CINCINNATI — Buster Posey insisted all along — even after San Francisco lost the first two at home — that his team was far from done, no matter how long the odds.
Turns out, he was right. And the NL batting champion had a lot to do with this most Giant comeback.
Posey hit the third grand slam in Giants postseason history on Thursday, and San Francisco pulled off an unprecedented revival, moving into the championship series with a 6-4 victory over the Cincinnati Reds.
They’ll play either Washington or St. Louis for the NL pennant starting Sunday.
“We could go up against anybody at any time,” shortstop Brandon Crawford said. “Being down 2-0 and coming back and winning three at their place, it’s an unbelievable feeling.”
The Giants became only the eighth team to win a five-game playoff series after falling behind 2-0. Major League Baseball’s changed playoff format this season allowed them to become the first to take a best-of-five by winning the last three on the road.
With one swing, Posey made it possible.
Posey’s second career grand slam off Mat Latos put the Giants up 6-0 in the fifth and sparked a joyous scrum in the San Francisco dugout. The ball smacked off the front of the upper deck in left field, just above Latos’ name on the video board.
Matt Cain and the bullpen held on, with more help from Posey. The All-Star catcher threw out Jay Bruce at third base to snuff out a sixth-inning rally that cut it to 6-3. The Giants also had a pair of diving catches that preserved the lead in the eighth.
Ryan Ludwick singled home a run in the ninth off Sergio Romo. With two runners aboard, Romo fanned Scott Rolen to end it. The Giants raised their arms, hugged and huddled by the side of the mound, bouncing in unison.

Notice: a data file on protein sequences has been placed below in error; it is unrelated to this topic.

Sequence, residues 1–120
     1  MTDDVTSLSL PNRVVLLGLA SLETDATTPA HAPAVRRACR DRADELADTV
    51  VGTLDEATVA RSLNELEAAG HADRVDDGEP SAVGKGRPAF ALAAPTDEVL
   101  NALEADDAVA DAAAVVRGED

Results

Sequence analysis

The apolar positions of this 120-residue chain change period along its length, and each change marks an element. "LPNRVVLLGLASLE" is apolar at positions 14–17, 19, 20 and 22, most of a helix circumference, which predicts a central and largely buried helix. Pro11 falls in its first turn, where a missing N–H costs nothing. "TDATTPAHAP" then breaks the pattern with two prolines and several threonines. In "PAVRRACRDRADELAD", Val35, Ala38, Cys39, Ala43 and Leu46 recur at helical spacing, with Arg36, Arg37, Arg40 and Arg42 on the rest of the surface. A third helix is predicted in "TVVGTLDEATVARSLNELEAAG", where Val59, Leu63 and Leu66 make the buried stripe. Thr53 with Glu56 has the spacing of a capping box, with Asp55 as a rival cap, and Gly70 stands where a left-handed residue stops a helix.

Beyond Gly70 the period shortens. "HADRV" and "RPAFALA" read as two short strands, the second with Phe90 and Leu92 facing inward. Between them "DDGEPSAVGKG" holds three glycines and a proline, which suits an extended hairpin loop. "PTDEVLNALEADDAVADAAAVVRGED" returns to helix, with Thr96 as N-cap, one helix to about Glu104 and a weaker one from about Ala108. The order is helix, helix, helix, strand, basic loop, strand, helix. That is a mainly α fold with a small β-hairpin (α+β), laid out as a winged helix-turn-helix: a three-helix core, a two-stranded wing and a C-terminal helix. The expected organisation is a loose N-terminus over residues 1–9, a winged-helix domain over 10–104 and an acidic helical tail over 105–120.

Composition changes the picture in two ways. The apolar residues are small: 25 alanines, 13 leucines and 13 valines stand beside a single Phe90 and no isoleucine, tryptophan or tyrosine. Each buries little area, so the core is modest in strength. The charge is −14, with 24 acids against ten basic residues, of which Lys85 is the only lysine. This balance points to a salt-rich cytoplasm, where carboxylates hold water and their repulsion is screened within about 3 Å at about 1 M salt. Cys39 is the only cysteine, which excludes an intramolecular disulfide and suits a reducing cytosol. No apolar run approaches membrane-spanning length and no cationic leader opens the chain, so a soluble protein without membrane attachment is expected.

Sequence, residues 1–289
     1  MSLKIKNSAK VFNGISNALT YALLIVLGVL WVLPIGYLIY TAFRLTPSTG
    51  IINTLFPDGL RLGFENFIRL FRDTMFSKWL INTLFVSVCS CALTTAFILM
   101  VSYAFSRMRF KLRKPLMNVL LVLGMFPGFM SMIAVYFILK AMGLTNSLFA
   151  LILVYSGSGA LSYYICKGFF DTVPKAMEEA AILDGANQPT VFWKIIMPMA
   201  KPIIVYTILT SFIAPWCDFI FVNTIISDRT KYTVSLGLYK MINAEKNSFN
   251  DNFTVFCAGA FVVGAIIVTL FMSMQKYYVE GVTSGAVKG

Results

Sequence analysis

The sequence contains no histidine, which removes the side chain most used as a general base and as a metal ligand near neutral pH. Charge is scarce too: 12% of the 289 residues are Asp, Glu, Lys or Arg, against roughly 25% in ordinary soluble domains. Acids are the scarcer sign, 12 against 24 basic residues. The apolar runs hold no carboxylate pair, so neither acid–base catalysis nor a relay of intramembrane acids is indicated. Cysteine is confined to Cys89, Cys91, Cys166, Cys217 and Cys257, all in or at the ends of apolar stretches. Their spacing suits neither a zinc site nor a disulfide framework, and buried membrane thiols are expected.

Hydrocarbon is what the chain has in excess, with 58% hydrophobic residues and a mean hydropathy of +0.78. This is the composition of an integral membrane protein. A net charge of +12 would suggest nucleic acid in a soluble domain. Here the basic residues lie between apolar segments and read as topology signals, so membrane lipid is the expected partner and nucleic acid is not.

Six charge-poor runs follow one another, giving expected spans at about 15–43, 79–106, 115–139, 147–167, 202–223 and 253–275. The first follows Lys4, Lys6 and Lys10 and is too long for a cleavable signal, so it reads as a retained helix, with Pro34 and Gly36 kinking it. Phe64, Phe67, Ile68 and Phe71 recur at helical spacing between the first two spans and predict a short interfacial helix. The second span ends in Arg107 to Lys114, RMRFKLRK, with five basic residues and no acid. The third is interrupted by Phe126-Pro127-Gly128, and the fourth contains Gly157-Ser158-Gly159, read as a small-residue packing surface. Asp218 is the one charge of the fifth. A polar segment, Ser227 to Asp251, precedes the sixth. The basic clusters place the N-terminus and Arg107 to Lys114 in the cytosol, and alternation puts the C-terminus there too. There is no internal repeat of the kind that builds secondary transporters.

Almost as soon as Omar Infante threw out Seth Smith to end the Oakland Athletics surprising season, despair turned to appreciation.
The defeated A’s came out of their dugout to a standing ovation from a towel-waving crowd, soaking in the energy that fueled their run to an improbable division title and basking in one last “Let’s Go Oakland!” chant.
“That was the best part of the whole night,” second baseman Cliff Pennington said. “It went from, ‘Man, the season is over’ and the down of that to being able to walk out there and just see them one last time and kind of soak that in. That lifted you back up a little bit.”
They needed that lift after the way Justin Verlander shut them down for nine brilliant innings.
The A’s struck out 11 times and managed just four hits against last year’s AL Cy Young winner and MVP and were unable to complete an improbable comeback in the AL division series, losing Game 5 to the Detroit Tigers 6-0 on Thursday night.
Oakland overcame losses in the first two games of the best-of-five series and a two-run deficit in the ninth inning of Game 4 to force the decisive game against the Tigers. But Verlander proved to be too tough on this night.